I’m looking at FubuMVC for a side project, I thought it would be useful to collect a list of resources.



Blog posts





Categories: FubuMVC Tags:

Resharper format settings

10 June, 2009 1 comment

I can never remember these so thought it best to write them down. Start with the settings from:

Plus a few extras…

Go to menu Resharper –> Options –> Languages –> C# –> Formatting Style

  • Braces Layout –> All set to (BSD style)
  • Braces Layout –> Empty braces formatting = Together on the same lineimage
  • Blank lines – I don’t like a lot of blank lines so I set mostly to 1/0image
  • Other –> Align Multiline Constructs – Call arguments = Off

  • Other –> Align Multiline Constructs – Expression = Offimage

  • Other –> Other – Indent array, object and collection initializer block = Offimage


Stop Resharper adding regions to interface implementations and nested classes:

Go to menu: Resharper –> Options –> Languages –> C# –> Type Members Layout

Un-tick Use Default Patterns and you get a text area full of xml. Scroll to the bottom and delete the section:

  <ImplementsInterface Immediate="true" Region="${ImplementsInterface} Members"/>


Also  delete the section:

  <Name Region="Nested type: ${Name}"/>


Finally click Ok.

Code Cleanup

Go to menu Resharper –> Options –> Tools –> Code Cleanup

Add a new profile with the following settings:


I didn’t realise I had fiddled with the default settings so much no wonder I can never remember them.

Categories: Resharper Tags:

Setup ASP.NET MVC with Spark View Engine in 5 minutes or less

8 June, 2009 2 comments

Setup folder structure:


Download and put the mvc dll’s in mvc folder and spark dll’s in spark folder.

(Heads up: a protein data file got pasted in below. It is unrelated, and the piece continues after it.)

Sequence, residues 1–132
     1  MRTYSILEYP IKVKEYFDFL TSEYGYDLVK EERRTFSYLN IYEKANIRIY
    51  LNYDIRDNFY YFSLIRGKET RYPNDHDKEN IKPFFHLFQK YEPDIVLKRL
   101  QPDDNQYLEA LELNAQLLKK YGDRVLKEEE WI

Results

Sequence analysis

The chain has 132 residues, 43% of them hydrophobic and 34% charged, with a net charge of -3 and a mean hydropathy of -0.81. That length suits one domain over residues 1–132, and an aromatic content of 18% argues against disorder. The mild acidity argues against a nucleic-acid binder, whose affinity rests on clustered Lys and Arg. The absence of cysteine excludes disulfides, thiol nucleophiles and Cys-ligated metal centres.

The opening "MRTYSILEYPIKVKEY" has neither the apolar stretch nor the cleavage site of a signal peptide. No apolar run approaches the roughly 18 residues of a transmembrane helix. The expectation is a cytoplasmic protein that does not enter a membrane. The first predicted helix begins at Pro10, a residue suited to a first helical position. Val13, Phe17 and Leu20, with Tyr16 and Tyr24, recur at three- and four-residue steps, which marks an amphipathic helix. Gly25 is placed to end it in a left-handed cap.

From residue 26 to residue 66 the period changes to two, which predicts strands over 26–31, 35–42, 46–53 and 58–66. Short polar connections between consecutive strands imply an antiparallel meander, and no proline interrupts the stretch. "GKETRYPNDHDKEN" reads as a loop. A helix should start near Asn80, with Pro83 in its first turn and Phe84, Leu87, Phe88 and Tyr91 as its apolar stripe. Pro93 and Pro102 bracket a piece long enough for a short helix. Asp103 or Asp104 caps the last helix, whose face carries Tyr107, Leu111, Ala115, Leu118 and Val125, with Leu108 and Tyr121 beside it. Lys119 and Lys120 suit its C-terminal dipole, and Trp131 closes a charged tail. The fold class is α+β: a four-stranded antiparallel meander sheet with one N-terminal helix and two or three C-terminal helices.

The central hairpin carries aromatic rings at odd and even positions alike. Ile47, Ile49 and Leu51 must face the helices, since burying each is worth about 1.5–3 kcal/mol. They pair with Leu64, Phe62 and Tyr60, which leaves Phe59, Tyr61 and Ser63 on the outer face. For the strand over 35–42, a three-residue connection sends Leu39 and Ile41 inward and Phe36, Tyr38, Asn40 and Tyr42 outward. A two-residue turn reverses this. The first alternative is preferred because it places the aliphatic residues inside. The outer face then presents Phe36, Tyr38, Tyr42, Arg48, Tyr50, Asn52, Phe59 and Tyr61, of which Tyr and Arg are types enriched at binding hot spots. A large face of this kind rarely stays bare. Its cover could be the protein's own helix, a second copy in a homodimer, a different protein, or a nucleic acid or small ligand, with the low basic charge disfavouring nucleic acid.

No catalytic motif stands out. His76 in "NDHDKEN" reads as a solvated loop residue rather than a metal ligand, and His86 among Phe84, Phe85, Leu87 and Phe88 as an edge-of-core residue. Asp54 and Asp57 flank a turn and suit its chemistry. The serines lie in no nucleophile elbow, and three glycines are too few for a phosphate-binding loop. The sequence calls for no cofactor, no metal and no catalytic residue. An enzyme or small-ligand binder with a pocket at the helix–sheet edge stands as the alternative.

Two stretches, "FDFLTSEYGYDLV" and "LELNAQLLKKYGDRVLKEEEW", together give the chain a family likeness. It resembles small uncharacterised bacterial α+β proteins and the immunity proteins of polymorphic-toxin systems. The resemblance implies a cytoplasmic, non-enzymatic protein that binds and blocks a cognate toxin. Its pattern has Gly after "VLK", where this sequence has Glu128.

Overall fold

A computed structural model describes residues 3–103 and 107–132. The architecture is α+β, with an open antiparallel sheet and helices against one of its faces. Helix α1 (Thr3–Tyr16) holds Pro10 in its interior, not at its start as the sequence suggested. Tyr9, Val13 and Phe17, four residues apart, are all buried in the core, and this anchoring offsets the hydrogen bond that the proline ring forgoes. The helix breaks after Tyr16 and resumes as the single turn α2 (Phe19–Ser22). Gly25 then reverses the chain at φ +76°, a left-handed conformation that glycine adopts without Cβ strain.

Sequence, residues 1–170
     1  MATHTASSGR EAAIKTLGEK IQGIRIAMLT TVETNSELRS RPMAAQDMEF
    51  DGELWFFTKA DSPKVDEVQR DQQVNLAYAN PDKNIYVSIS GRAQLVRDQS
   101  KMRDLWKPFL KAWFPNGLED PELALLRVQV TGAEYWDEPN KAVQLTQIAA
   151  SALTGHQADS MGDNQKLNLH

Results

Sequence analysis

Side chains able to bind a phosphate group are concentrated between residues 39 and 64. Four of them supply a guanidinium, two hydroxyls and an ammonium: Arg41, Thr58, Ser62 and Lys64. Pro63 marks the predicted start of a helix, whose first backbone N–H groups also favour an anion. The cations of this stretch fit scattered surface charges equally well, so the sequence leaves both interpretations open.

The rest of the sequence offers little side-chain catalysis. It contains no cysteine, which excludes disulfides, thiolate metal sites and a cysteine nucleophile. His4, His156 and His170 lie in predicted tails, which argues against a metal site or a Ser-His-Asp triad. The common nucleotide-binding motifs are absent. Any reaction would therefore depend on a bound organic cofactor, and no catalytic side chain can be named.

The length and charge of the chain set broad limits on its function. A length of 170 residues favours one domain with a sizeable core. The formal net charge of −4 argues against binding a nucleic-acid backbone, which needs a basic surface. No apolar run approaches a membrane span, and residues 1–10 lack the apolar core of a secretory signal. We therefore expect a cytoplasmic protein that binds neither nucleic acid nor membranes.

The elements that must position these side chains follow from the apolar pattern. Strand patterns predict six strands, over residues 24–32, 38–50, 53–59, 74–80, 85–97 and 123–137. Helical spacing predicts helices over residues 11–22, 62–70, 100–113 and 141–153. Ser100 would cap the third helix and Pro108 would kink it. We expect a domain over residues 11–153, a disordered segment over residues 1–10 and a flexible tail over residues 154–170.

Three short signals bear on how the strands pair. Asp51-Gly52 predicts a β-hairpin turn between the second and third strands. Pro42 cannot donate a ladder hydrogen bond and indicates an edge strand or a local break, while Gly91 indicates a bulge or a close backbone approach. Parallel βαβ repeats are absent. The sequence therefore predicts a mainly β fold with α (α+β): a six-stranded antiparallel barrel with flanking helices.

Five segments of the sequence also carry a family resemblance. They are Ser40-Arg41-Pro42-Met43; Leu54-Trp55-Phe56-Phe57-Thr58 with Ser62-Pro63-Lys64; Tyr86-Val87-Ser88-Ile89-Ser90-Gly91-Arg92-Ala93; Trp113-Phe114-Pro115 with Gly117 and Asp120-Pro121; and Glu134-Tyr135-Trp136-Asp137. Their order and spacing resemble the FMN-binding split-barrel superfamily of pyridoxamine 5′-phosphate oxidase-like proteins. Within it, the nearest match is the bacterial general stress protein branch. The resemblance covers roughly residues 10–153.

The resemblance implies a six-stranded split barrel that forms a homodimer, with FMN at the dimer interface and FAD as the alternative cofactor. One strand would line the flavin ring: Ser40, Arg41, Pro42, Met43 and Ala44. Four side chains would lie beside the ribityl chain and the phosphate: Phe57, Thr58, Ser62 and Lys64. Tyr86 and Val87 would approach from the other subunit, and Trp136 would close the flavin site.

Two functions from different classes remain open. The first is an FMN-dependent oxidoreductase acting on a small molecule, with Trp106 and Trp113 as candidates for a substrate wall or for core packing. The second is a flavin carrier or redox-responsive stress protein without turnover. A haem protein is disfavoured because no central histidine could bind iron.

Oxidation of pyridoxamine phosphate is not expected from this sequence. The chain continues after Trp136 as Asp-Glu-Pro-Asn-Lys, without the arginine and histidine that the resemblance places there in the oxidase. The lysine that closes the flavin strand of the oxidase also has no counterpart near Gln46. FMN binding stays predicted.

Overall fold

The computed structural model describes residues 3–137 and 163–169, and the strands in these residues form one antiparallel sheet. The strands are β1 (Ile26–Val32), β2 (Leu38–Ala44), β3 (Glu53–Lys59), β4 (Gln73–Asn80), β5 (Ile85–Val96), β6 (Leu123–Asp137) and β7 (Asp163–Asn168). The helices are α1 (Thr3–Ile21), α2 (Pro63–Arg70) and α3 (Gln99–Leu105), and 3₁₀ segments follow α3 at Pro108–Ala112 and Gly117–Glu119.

Create a new application not a mvc application just a standard application. This means you will not get the mvc helpers for creating controllers and views but that’s not a massive loss and has the advantage that you don’t need the mvc installed if you open the solution on another machine.

add new projectChange content of Default.aspx to: <!– Placeholder do not delete! –>

The default.aspx placeholder is required to allow the routing to work.

Delete the code behind files for Default.aspx (Default.aspx.cs, Default.aspx.designer.cs) they are not needed.

Add references to the Spark.dll and Spark.Web.Mvc.dll located in the libs folder.


Add references to mvc System.Web.Routing.dll, System.Web.Abstractions.dll, System.Web.Mvc.dll


Add spark to the web.config:

  <section name="spark" type="Spark.Configuration.SparkSectionHandler, Spark"/>

  <compilation debug="true" />

Debug true shows compilation errors when rendering views.

Add routing to httpModules section of web.config:

<add name="UrlRoutingModule" type="System.Web.Routing.UrlRoutingModule, System.Web.Routing, Version=, Culture=neutral, PublicKeyToken=31bf3856ad364e35"/>

Add a application.cs which creates the routes and registers the spark view engine:

using System.Collections.Generic;
using System.Web.Mvc;
using System.Web.Routing;
using Spark.Web.Mvc;

namespace Web
    public class Application
        public void RegisterRoutes(IList<RouteBase> routes)
            routes.Add(new Route(
                           new RouteValueDictionary(new {controller = "home", action = "index", id = ""}),
                           new MvcRouteHandler()));

        public void RegisterViewEngine(IList<IViewEngine> engines)

Add a global.asax with the following code behind.


using System;
using System.Web;
using System.Web.Mvc;
using System.Web.Routing;

namespace Web
    public class Global : HttpApplication
        protected void Application_Start(object sender, EventArgs e)
            var app = new Application();